Model-supported radiotherapy personalization: In silico Test of Hyper- and Hypo-Fractionation Effects

Antonella Belfatto, Barbara Alicja Jereczek-Fossa, Guido Baroni, Pietro Cerveri

Research output: Contribution to journalArticlepeer-review


The need for radiotherapy personalization is now widely recognized, however, it would require considerations not only on the probability of control and survival of the tumor, but also on the possible toxic effects, on the quality of the expected life and the economic efficiency of the treatment. In this paper, we propose a simulation tool that can be integrated into a decision support system that allows selection of the most suitable irradiation regimen. We used a macroscale mathematical model, which includes active and necrotic tumor dynamics and the role of oxygenation to simulate the effects of different hypo-/hyper-fractional regimens using retrospective data of seven virtual patients from as many cervical cancer patients used for its training in a previous study. The results confirmed the heterogeneous response across the patients as a function of treatment regimen and suggested the tumor growth rate as a main factor in the final tumor regression. In addition to the maximum regression, another criterion was suggested to select the most suitable regimen (minimum number of fractions to achieve a regression of 80%) minimizing the toxicity and maximizing the cost-effectiveness ratio. Despite the lack of direct validation, the simulation results are in agreement with the literature findings that suggest the need for hypo-fractionated regimens in case of aggressive tumor phenotypes. Finally, the paper suggests a possible exploitation of the model within a tool to support clinical decisions.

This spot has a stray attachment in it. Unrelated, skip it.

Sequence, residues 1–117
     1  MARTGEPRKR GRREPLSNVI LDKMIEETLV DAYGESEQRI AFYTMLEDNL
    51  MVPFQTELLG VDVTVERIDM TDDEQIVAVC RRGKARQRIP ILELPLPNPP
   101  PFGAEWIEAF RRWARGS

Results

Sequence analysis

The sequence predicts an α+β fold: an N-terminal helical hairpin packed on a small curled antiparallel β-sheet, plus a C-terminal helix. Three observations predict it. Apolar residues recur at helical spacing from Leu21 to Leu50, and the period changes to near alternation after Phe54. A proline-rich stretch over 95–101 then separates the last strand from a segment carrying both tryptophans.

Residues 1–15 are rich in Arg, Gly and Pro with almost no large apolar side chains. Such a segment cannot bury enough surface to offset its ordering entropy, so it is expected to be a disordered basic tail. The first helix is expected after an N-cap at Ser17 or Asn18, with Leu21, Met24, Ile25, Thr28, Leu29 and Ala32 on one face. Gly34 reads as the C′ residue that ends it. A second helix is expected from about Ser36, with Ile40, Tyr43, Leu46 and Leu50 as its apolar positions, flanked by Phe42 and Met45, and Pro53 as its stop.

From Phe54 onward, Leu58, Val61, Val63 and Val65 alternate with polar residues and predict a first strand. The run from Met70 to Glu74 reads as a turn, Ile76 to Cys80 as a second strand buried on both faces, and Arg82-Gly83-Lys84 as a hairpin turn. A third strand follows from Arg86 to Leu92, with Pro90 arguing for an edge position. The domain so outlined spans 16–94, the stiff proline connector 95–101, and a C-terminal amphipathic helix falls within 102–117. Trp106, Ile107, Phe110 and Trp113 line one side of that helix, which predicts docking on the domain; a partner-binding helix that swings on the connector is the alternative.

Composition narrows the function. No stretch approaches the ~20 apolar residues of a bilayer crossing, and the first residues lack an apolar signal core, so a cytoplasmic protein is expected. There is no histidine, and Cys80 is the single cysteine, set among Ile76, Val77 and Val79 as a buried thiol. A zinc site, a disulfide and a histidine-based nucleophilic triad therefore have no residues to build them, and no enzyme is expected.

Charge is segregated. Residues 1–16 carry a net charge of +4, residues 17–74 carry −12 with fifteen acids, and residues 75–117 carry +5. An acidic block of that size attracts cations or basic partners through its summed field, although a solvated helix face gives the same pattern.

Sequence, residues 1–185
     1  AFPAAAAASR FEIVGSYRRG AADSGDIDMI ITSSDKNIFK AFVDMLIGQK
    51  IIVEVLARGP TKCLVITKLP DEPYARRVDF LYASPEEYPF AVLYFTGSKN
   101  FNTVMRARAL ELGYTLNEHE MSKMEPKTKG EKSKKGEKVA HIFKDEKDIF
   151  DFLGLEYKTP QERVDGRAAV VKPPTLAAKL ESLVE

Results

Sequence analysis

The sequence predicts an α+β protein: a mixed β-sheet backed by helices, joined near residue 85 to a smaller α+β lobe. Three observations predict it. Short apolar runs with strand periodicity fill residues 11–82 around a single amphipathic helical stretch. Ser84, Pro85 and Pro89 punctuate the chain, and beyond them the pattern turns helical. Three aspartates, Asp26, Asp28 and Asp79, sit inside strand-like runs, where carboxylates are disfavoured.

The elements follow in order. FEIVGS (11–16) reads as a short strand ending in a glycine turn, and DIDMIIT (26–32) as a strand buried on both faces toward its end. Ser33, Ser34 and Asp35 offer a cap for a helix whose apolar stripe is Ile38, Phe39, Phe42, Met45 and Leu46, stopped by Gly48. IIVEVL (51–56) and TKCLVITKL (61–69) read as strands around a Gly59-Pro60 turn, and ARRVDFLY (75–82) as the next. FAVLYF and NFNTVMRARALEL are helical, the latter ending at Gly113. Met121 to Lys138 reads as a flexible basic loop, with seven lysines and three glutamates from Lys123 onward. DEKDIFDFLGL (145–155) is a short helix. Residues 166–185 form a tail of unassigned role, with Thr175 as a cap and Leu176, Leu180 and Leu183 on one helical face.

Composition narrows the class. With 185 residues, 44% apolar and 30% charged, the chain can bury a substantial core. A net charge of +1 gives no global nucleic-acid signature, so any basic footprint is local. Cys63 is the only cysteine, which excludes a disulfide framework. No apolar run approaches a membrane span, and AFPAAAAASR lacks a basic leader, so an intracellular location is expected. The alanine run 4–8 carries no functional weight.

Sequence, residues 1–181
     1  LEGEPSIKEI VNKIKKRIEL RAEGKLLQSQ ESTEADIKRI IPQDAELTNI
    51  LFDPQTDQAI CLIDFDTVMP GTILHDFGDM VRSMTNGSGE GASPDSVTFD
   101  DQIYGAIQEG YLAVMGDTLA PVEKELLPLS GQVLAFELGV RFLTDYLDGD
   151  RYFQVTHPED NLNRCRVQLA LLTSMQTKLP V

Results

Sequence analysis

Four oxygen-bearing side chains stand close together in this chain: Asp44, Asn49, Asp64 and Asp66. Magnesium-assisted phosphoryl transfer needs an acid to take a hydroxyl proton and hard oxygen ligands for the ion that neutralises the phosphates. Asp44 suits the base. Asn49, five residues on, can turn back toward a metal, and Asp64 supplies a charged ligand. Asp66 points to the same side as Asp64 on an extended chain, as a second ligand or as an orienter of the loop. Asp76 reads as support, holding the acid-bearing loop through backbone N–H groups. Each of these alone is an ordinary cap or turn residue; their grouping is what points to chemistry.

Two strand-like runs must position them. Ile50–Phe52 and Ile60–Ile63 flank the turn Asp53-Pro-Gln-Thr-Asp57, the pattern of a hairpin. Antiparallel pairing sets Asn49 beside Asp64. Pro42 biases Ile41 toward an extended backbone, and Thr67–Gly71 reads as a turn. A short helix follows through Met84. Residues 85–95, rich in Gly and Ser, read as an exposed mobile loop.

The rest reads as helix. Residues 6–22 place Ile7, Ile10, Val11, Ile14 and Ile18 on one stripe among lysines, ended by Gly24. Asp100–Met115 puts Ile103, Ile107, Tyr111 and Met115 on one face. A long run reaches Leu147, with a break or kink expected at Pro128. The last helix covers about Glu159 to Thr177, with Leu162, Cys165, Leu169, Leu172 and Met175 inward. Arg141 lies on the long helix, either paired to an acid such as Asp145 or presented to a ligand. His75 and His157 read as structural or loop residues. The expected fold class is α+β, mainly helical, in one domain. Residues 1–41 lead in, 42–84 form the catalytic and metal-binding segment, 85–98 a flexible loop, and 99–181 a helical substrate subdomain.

Original languageEnglish
Article number1445
JournalFrontiers in Physiology
Issue numberOCT
Publication statusPublished - Oct 15 2018


  • Cervical cancer
  • Hypofractionation
  • Mathematical model
  • Oxygenation
  • Radiotherapy
  • Simulation

ASJC Scopus subject areas

  • Physiology
  • Physiology (medical)


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